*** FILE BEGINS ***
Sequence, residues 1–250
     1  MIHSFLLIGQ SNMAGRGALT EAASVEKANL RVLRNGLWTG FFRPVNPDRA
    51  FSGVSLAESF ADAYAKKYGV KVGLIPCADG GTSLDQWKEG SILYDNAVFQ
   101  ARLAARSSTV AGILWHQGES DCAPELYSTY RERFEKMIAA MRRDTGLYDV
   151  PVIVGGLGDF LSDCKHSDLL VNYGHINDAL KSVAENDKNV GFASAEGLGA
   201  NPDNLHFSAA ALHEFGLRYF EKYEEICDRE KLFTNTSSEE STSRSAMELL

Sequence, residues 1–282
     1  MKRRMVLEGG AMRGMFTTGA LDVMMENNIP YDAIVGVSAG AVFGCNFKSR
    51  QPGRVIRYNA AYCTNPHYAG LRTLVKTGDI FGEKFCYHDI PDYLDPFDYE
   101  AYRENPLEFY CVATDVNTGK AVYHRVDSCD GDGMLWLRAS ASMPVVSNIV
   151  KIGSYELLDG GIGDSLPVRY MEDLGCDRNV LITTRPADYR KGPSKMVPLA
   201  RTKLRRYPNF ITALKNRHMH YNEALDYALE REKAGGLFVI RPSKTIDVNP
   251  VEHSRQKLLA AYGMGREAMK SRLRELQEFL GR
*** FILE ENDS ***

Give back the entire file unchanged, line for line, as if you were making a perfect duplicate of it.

Sequence, residues 1–250
     1  MIHSFLLIGQ SNMAGRGALT EAASVEKANL RVLRNGLWTG FFRPVNPDRA
    51  FSGVSLAESF ADAYAKKYGV KVGLIPCADG GTSLDQWKEG SILYDNAVFQ
   101  ARLAARSSTV AGILWHQGES DCAPELYSTY RERFEKMIAA MRRDTGLYDV
   151  PVIVGGLGDF LSDCKHSDLL VNYGHINDAL KSVAENDKNV GFASAEGLGA
   201  NPDNLHFSAA ALHEFGLRYF EKYEEICDRE KLFTNTSSEE STSRSAMELL

Sequence, residues 1–282
     1  MKRRMVLEGG AMRGMFTTGA LDVMMENNIP YDAIVGVSAG AVFGCNFKSR
    51  QPGRVIRYNA AYCTNPHYAG LRTLVKTGDI FGEKFCYHDI PDYLDPFDYE
   101  AYRENPLEFY CVATDVNTGK AVYHRVDSCD GDGMLWLRAS ASMPVVSNIV
   151  KIGSYELLDG GIGDSLPVRY MEDLGCDRNV LITTRPADYR KGPSKMVPLA
   201  RTKLRRYPNF ITALKNRHMH YNEALDYALE REKAGGLFVI RPSKTIDVNP
   251  VEHSRQKLLA AYGMGREAMK SRLRELQEFL GR